I am very vigilant about keeping an inventory of the food inside our refrigerator. The minute I get home from the grocery, I transfer the frozen foods into plastic containers, label them then put them in the freezer.
Tip: For easy labeling, just remove the bar code and stick it to the container.
It is important to keep track of what's inside the freezer and how long it has been there. But how long can we safely store food inside the refrigerator? I found the answer in a printable Cold Storage Chart from the US Food Safety and Inspection Service. Print it and add it to your Household Manual.
The US Food Safety and Inspection Service issued the following tips:
Never defrost foods in a garage, basement, car, dishwasher or plastic garbage bag; out on the kitchen counter, outdoors or on the porch. These methods can leave your foods unsafe to eat.Check out their site: US Food Safety and Inspection Service
There are three safe ways to defrost food: in the refrigerator, in cold water, or in the microwave. It's best to plan ahead for slow, safe thawing in the refrigerator. Small items may defrost overnight; most foods require a day or two. And large items like turkeys may take longer, approximately one day for each 5 pounds of weight.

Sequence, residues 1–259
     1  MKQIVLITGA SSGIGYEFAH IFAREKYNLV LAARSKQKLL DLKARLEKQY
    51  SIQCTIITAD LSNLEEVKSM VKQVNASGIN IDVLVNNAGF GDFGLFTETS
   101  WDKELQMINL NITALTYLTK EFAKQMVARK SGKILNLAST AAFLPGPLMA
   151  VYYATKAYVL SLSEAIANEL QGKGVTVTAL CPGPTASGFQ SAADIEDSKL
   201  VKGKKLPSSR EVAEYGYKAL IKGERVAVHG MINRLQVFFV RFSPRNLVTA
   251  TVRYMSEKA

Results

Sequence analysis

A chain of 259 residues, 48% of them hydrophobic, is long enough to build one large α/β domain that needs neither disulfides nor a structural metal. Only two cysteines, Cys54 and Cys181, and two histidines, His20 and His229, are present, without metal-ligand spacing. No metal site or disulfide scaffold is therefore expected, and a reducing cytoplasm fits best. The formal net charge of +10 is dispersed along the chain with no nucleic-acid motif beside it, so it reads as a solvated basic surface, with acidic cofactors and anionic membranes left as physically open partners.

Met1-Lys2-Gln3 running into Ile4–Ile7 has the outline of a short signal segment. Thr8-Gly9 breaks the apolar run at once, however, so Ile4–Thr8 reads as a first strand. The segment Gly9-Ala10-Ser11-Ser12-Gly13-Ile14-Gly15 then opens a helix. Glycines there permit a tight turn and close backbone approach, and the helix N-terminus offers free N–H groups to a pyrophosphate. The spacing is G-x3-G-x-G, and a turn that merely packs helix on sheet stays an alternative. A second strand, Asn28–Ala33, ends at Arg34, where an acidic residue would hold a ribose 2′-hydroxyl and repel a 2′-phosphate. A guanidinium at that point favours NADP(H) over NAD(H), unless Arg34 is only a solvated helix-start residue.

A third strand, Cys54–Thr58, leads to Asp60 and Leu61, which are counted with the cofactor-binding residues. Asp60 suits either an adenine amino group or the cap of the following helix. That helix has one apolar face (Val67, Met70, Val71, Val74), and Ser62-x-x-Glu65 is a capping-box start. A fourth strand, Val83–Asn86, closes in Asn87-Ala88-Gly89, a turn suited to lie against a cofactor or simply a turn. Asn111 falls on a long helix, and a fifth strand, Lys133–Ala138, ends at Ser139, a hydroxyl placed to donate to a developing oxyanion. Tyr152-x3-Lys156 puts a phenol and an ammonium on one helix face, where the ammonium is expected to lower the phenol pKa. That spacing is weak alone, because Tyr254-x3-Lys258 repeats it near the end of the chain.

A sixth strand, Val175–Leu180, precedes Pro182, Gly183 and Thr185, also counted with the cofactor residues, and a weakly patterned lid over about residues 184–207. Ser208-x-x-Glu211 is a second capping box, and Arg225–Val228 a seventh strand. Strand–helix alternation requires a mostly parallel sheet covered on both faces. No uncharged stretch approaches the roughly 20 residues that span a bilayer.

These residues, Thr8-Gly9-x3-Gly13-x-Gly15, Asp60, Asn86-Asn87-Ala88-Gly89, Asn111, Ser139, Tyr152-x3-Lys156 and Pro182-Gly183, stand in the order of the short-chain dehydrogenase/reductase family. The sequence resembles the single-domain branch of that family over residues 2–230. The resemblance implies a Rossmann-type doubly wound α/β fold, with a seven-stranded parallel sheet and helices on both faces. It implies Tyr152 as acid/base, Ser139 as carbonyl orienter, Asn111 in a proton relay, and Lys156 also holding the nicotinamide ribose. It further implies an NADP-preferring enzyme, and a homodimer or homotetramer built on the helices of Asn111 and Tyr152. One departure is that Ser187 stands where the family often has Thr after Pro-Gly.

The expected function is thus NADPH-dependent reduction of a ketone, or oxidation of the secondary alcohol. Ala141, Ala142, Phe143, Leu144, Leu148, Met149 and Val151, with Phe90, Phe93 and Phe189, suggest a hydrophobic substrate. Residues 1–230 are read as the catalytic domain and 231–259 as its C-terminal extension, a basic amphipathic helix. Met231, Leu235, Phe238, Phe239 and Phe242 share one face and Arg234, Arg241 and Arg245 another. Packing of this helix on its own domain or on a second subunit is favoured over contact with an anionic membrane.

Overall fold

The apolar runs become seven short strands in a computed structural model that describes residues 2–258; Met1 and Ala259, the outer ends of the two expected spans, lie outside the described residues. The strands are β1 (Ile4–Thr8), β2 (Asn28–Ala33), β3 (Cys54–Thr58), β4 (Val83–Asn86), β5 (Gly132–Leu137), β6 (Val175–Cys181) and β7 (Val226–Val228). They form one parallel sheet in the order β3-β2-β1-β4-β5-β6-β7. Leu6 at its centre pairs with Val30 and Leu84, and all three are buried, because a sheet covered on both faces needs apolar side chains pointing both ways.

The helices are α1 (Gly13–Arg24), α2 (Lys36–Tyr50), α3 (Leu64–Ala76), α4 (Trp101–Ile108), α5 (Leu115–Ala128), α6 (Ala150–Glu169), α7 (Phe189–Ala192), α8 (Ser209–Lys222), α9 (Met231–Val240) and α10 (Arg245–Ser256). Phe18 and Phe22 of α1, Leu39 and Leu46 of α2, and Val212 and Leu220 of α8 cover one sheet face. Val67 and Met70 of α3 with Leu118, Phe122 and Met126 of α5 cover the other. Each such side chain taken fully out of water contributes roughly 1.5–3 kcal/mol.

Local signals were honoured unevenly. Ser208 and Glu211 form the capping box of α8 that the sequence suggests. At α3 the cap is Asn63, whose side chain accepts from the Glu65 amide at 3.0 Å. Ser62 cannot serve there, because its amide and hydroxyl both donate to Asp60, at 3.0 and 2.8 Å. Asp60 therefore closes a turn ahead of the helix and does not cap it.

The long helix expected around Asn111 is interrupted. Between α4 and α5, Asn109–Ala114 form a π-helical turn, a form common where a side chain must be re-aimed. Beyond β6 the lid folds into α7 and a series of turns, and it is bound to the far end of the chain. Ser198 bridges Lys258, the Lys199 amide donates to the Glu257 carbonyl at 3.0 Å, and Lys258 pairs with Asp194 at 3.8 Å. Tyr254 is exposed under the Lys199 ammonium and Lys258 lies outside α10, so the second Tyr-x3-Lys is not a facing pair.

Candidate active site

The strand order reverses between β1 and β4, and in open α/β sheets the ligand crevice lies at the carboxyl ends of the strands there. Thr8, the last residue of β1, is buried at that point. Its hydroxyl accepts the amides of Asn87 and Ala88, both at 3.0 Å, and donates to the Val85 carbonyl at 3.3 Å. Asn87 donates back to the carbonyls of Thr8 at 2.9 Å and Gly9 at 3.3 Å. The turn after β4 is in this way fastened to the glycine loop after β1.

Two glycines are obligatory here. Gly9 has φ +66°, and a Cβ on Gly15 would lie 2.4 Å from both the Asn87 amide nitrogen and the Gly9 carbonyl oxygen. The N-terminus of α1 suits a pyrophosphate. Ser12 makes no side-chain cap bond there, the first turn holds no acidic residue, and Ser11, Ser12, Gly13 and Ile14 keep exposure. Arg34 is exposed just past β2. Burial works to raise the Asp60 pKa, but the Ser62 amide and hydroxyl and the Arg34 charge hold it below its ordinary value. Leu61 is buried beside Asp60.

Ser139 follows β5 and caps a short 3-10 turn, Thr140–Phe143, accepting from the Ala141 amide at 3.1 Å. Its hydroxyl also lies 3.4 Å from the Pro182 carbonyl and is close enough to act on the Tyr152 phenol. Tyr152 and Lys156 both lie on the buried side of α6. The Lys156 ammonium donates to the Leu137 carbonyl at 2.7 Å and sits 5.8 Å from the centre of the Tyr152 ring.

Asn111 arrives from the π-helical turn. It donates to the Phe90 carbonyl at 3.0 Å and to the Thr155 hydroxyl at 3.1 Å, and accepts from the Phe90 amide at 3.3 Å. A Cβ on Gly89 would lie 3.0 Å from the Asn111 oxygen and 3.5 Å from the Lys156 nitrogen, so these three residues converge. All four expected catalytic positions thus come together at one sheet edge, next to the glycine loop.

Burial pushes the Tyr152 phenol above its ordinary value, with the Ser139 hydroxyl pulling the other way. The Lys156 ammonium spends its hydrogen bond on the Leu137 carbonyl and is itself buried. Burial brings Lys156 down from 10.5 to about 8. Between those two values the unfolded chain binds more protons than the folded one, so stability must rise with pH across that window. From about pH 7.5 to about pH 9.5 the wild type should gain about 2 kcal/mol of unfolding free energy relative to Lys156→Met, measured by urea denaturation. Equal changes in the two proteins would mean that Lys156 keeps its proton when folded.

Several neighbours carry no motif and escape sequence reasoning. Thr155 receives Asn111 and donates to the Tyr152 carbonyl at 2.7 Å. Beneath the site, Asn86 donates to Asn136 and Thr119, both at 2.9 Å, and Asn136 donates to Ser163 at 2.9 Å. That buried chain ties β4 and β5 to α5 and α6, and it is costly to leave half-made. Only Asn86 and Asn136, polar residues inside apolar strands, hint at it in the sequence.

For faster defrosting, place food in a leak proof plastic bag and immerse it in cold water. (If the bag leaks, bacteria from the air or surrounding environment could be introduced into the food. Tissues can also absorb water like a sponge, resulting in a watery product.) Check the water frequently to be sure it stays cold. Change the water every 30 minutes. After thawing, cook immediately.
When microwave-defrosting food, plan to cook it immediately after thawing because some areas of the food may become warm and begin to cook during microwaving.